The baby will be here momentarily. I’ll spread an old quilt on the grass in the back corner. All the toys will be toted out and she’ll play until she is bored with blocks and colors. Then she and I will look and listen. We will mimic the crow. We will toss the ball to the dog and we may sing her favorite song, “Deep and Wide”. She’ll guide my hands because she knows the words now. She’ll remember long ago when her grandma opened her arms, deep and then wide and sang to her over and over about the fountain flowing, one full of love for her and me.
We will look together. We will listen and then have a lunch of sweet potato. I’ll be attentive to her seeing and she will be to mine. We will look in wonder for God today, the sweet baby girl, and I will remember our creator, the one who gave us our eyes and our ears and our favorite thing of all, our wonder.
Where will you see God today?
May your seeing be as mysteriously clear as a baby’s.
Happy 1st birthday, Elizabeth Lettie, we love you more than any words can express. We love you for changing our seeing. We love you for increasing our wonder.
What have you learned about yourself since March whenever when you were scared to death by being told to wash your hands, don’t touch your face?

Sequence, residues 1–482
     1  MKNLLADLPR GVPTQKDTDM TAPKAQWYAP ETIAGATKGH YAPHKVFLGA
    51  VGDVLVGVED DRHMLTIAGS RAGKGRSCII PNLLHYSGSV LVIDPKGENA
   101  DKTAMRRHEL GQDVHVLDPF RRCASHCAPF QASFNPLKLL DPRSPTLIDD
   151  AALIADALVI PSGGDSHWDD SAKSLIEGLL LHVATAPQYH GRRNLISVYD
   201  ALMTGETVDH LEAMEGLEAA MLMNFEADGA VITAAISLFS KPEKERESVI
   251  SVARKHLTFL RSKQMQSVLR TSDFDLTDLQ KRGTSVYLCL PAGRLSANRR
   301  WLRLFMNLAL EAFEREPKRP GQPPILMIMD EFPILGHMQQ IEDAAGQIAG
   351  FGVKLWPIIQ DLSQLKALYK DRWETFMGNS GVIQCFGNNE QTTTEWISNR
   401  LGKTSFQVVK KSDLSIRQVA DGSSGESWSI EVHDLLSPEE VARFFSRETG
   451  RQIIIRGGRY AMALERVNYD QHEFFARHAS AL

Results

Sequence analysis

I’ve learned I can’t blame lack of time for my lack of effort. I’ve learned to understand my resistance to taking chances is for fear of something not happening.
If you’ve read my blog, you may be thinking well, that’s no secret.
I learned that God made me to be merciful and that I have what is called a mercy gift, that this is my redemptive gift. The day after a very wise person told me this, thinking surely I already knew, I received this In Touch publication, their final issue. The issue’s focus?
I’ve learned there is a reader for stories born of trauma. There are authors who are honest and long for their readers to be changed by our stories.
One such author is Jake Owensby, the author of “A Resurrection Shaped Life, Dying and Rising on Planet Earth”.
Jake is a blogger and a minister. He also grew up exposed to violence. He developed a fear reaction. He cowered when he felt that was the only way to feel safe. He grew up being told he was worthless in so many ways. His book is written to convince the reader, God made you for different. You can believe you are valued.
I haven’t even finished the book and I’ve not been asked to review or mention it. It’s just a part of my learning during pandemic.
I admitted a big hard and better understood truth about myself.
I am a blamer. I look for places to lay blame for the trauma of my past, the way it has and continues to stymie my living.
Jake Owensby defines it this way, a way I am embracing,